Central Alberta is part of Alberta, located between the cities of Calgary and Edmonton. The eastern portion is largely agricultural, while the western portion is part of the foothills of the Rocky Mountains.
Central Alberta stretches across the middle of Alberta from the foothills of the Rocky Mountains to the prairies in the east.
Ranching country with forested areas. The Cowboy Trail (Hwy 22) that runs north-south is considered one of Alberta's most scenic highways.
|Central Corridor |
The area along the Queen Elizabeth II Highway (also known as Highway 2 or "the QE2") between Calgary and Edmonton, which contains many towns and smaller cities and is anchored by the city of Red Deer.
|East Central Alberta |
Largely agricultural, this less-populated area with small farming villages dotting the east-west highways.
- 1 Red Deer — largest city in Central Alberta with over 100,000 inhabitants, midway between Calgary and Edmonton
- 2 Camrose — a college town with Norwegian heritage and about 18,000 people
- 3 Edson — main town on the Yellowhead Highway between Edmonton and Jasper with around 8,400 people.
- 4 Lloydminster — agricultural city of 31,000 that straddles the border with Saskatchewan
- 5 Rocky Mountain House — this is the eastern gateway to David Thompson Country and also the site of a reconstructed fur trading post
- 6 Sundre — small, emerging resort town of 2,700 located in the Rocky Mountain foothills
- 7 Sylvan Lake — a lakeside resort town with a provincial park, a marina, a boardwalk lined with shops, and around 15,000 inhabitants
- 8 Vegreville — agricultural town of 5,700, home to the world's largest pysanka (Ukrainian Easter egg) and jumping off point to Kalyna Country
- 9 Wetaskiwin — population of 13,000 inhabitants is home to a major museum of transportation and industry, the Reynolds-Alberta Museum.
Central Alberta is made up of small towns and rural landscapes stretching from prairie plateaus in the east to foothills in the west. It is primarily agricultural in the east and forested in the west as it transitions to the foothills of the Rocky Mountains. Central Alberta includes:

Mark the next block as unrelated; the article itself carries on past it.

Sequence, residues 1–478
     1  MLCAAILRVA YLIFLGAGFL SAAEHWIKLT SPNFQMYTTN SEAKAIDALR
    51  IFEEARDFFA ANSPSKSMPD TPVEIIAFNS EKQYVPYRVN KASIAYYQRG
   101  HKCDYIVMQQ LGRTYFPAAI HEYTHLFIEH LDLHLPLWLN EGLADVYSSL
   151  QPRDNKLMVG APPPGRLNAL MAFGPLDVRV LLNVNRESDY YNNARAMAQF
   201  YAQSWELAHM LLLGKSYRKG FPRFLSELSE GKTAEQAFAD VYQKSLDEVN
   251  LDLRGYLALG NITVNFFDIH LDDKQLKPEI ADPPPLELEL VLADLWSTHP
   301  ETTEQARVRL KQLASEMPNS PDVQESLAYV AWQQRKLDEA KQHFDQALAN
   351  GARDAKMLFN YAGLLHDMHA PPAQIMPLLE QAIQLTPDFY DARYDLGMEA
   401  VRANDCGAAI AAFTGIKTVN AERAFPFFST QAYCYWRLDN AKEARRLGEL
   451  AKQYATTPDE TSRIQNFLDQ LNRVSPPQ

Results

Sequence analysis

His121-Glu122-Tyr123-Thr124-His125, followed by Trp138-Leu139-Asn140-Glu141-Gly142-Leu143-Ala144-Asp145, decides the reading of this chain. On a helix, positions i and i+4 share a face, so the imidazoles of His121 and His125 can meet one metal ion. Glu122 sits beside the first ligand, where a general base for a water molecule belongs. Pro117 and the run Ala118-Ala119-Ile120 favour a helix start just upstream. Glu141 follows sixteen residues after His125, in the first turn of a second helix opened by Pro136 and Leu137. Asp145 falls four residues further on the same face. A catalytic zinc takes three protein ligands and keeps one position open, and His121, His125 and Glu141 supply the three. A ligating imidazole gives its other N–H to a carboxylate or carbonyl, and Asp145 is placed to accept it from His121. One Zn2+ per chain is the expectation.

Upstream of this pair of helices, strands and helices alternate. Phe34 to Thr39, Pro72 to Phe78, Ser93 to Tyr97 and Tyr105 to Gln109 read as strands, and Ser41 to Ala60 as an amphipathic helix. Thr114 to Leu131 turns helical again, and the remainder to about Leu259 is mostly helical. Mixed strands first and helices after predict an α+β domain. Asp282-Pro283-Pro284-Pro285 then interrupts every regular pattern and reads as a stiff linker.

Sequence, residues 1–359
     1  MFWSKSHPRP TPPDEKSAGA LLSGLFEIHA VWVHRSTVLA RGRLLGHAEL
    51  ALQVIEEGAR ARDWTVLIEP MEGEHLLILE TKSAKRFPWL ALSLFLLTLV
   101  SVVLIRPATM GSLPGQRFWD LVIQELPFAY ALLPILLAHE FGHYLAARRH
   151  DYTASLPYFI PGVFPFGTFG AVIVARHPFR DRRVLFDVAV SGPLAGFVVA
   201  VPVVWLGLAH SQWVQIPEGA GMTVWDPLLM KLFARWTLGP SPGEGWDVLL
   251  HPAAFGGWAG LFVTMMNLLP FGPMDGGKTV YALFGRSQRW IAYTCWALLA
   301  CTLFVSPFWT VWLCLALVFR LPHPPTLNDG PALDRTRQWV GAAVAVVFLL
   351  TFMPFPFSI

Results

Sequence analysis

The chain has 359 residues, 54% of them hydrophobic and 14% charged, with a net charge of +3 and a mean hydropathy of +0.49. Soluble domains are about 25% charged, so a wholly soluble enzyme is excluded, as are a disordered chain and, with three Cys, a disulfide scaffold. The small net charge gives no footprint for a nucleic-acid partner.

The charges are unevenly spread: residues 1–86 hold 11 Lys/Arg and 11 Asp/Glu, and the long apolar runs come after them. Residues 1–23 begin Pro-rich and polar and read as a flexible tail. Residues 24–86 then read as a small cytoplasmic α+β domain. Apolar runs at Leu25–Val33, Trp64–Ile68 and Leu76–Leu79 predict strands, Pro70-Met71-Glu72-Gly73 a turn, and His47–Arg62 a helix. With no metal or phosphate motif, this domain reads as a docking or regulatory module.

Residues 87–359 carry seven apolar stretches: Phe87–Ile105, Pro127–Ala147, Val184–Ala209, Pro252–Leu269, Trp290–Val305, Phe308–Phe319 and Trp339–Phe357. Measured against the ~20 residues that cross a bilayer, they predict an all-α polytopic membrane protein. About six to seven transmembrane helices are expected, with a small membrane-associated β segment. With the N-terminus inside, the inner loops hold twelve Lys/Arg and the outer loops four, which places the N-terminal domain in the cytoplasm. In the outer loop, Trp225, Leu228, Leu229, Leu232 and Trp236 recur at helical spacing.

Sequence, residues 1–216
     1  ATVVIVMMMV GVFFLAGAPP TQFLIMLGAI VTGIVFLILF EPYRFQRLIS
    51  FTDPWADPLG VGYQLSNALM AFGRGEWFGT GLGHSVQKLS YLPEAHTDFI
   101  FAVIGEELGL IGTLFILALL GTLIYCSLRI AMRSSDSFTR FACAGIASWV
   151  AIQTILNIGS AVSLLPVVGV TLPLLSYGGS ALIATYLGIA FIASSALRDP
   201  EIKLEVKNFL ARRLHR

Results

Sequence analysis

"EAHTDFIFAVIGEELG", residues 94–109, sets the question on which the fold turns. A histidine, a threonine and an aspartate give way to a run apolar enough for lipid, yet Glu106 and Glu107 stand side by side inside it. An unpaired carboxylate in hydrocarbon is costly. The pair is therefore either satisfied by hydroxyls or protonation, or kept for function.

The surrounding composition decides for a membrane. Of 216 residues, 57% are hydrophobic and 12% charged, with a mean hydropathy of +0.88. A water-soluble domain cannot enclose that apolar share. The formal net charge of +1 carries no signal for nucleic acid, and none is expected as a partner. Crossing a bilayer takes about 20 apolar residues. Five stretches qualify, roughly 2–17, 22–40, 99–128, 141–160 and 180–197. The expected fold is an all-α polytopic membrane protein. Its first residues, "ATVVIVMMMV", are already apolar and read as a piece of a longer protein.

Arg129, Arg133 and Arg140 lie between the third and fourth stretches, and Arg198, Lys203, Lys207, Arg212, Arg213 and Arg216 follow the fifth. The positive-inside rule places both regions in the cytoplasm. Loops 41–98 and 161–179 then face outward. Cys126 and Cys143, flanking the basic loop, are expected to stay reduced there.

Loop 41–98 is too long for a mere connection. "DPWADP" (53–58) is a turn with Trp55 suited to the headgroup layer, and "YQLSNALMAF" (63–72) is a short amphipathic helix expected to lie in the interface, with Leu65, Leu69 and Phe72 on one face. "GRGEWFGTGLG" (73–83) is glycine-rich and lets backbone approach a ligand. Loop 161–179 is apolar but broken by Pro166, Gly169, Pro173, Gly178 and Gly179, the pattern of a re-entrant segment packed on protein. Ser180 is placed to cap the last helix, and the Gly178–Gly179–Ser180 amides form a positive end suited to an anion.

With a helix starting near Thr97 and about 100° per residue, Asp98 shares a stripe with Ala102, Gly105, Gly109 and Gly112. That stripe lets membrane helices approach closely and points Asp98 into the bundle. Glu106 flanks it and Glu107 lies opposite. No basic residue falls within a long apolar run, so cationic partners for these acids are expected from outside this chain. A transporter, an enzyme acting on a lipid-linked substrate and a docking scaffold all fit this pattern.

- Foothills: Traditional ranching country and with forested area increasing to the north. Many of the roads through this area were placed on older established foot or horse paths, such as the historic Cowboy Trail (Hwy 22), one of Alberta's most scenic roads.
- Parkland: Alberta's boreal and aspen parkland run in north-south strips across the province. Parkland is mainly rolling green hills, pastures, and large sections of mixed forest. A fertile area consists of agricultural areas with small groves of trees. The low coulees and high plateaus have been reforested by area ranchers and farmers.
- Prairies: Rural farms, small and medium towns lay along or near Alberta's busiest highway corridor between the cities of Calgary (south) and Edmonton (north) The prairie towns grew up in the late 1800s around stations of the Calgary-Edmonton Railway. The first residents came as homesteaders and opened businesses around the stations to cash in on travellers passing through. The railway still runs through the centre of each town and is surrounded entirely by ranches and farms, raising flowers, grains, buffalo, elk, sheep, horses, cattle, and chickens.
International flights are available to the Calgary and Edmonton airports, which are on the north and south ends of their respective cities. Red Deer has a regional airport with connections to Calgary.
Central Alberta is not served by passenger rail: the nearest Via Rail station is in Edmonton.
The spine of Central Alberta is Highway 2, which connects Calgary and Edmonton. Highway 22 (Cowboy Trail) runs along the eastern edge of the foothills and continues into the ranch lands of Southern Alberta. Highway 11 (David Thompson Highway) connects Central Alberta to Banff National Park and the Icefields Parkway, while Highways 12 and 13 connect to Saskatchewan.
Rider Express runs buses from Saskatoon, to Lloydminster, Vegreville and Edmonton.
Aside from the corridors from Edmonton through Red Deer to Calgary, and Edmonton through Vegreville to Lloydminster, you'll find little by way of public transportation. You'll need a car or a bike to get around.
The scenery is really the thing to see: the views of the Rocky Mountains are the highlight.
The Rocky Mountain House National Historic Site contains the remains of several early 19th-century fur trade forts.
Herds of wild horses inhabit the fields and slopes of the lower Rocky Mountains. You can also see them at a rescue facility west of Sundre.
Kalyna Country is a living museum of Austrian, Polish, Romanian, and especially Ukrainian settlement and immigration. The Ukrainian Cultural Heritage Village 50 km east of Edmonton on Highway 16 has over 30 historic buildings. The Vegreville Pysanka, constructed of thousands of aluminium pieces, is a 9-m-tall Ukrainian Easter egg.
Go camping in one of the many provincial parks. Take a guided horse-back tour of Rocky Mountain Foothills near Nordegg. Visit one of many small-town museums for some local history. Float or paddle one of several main rivers (Pembina River Provincial Park and Red Lodge Provincial Park are especially popular for this). Go mountain biking at Baseline Mountain near Rocky Mountain House or Willmore Park near Edson. Or in winter try cross-country skiing at Hornbeck Forest Recreation Area near Edson. Watch a hockey game in Red Deer at the Westerner Park Centrium.
This is beef ranching country, try the steak!
Wear bright orange whenever out in the wilderness in the autumn, as this is hunting season. This way you won't be mistaken for a deer.